Hello, and welcome to a new feature at Facing South: the Friday Factoid. And to show we're about more than just deep political and social commentary here at FS, we'll kick off today's episode by looking at the fascinating issue of baby names in the South.

The federal government may not be able to account for over a trillion dollars of Pentagon spending, but thanks to the Social Security Administration it keeps meticulous records of baby names, including rankings of the most popular names doled out each year for the little 'uns.

Nationally, 2006 was a big year for boys named Jacob and girls named Emily. But not in the South. Southerners may fret that the region's uniqueness is melting away, but the South's parents appear to be taking a stand against homogenized McCulture in choosing what to name their tykes.

In fact, if there's one issue that unites Southerners, it seems to be what to name their girls: in 11 out of 13 Southern states in 2006, "Madison" was the top choice for female babies. The only outliers were Florida ("Isabella") and Texas ("Emily"), which really isn't a surprise.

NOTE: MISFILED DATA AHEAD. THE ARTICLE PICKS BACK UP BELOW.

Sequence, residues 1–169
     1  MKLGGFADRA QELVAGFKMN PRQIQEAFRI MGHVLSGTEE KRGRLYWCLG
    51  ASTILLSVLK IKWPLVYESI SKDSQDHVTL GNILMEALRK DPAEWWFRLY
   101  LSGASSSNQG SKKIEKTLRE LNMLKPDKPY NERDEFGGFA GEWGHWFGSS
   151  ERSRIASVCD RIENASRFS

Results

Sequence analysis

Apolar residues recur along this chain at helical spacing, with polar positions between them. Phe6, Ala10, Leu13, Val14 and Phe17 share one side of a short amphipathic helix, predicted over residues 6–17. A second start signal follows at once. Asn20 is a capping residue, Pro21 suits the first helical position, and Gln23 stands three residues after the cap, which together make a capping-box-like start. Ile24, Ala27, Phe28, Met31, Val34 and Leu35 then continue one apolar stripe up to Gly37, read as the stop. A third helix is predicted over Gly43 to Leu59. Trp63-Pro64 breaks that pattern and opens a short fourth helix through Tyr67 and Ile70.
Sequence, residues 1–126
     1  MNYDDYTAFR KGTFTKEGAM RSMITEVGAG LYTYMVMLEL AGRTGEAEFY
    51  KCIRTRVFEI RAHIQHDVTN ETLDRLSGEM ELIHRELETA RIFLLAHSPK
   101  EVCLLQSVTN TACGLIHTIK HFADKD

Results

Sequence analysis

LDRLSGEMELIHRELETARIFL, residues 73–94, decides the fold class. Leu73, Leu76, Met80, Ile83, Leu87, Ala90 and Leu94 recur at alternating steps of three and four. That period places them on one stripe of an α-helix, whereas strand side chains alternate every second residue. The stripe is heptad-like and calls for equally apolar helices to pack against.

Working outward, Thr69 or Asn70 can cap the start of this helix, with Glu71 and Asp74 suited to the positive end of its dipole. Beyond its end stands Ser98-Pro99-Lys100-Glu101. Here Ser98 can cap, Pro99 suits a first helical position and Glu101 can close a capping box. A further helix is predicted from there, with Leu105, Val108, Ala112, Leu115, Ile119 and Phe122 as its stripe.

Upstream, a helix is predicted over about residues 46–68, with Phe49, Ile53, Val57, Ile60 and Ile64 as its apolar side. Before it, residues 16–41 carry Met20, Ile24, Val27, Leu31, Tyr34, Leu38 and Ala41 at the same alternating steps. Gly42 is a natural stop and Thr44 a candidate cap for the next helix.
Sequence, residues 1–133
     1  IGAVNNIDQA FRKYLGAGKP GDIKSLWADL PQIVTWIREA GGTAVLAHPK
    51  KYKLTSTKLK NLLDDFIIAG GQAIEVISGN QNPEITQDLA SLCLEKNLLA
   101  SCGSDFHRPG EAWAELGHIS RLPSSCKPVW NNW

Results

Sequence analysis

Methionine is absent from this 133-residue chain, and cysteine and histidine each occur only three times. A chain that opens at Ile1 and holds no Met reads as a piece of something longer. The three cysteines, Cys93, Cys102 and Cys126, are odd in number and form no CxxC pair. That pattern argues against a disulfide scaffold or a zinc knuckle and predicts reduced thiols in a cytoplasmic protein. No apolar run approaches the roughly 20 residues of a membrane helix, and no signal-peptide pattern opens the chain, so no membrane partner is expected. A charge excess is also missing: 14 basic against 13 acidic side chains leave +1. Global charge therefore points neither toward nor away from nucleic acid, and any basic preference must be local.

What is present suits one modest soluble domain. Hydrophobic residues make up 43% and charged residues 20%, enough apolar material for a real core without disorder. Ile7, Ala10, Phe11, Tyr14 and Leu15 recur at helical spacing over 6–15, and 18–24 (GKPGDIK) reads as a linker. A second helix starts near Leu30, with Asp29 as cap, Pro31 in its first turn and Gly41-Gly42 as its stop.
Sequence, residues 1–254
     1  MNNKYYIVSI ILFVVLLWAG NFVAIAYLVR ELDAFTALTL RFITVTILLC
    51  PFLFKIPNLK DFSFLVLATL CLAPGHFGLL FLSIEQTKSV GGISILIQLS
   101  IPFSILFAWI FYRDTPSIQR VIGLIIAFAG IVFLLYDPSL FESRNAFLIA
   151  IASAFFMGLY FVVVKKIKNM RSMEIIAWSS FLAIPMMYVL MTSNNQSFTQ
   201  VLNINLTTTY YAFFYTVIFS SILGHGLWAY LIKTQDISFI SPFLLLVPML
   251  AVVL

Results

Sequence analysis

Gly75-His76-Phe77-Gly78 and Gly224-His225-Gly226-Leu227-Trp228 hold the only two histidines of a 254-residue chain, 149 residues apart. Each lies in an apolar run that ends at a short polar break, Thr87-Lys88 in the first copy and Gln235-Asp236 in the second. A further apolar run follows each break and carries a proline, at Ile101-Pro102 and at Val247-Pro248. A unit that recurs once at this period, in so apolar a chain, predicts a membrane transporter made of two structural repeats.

Even more interesting: the only two states outside the South where "Madison" reins supreme are Delaware and Maryland -- two states with strong historical ties to the South.

There's a Southern theme for boy cherubs as well, although not as strong: in 8 out of 10 Southern states, "William" was the most-used name amidst a national sea of "Jacobs," "Michaels," and "Joshuas." (Outside the South, only D.C. -- another place close to the South -- is "William" a name leader.)

So when people tell you there's no longer any such a thing as "the South," that the region's cultural identity has been lost, tell them nonsense -- it's the land of Madison and William.

P.S. -- What do you name the other girl if Madison has a twin sister? Morgan.

P.P.S. -- Welcome all readers from the Baby Names Garden Blog!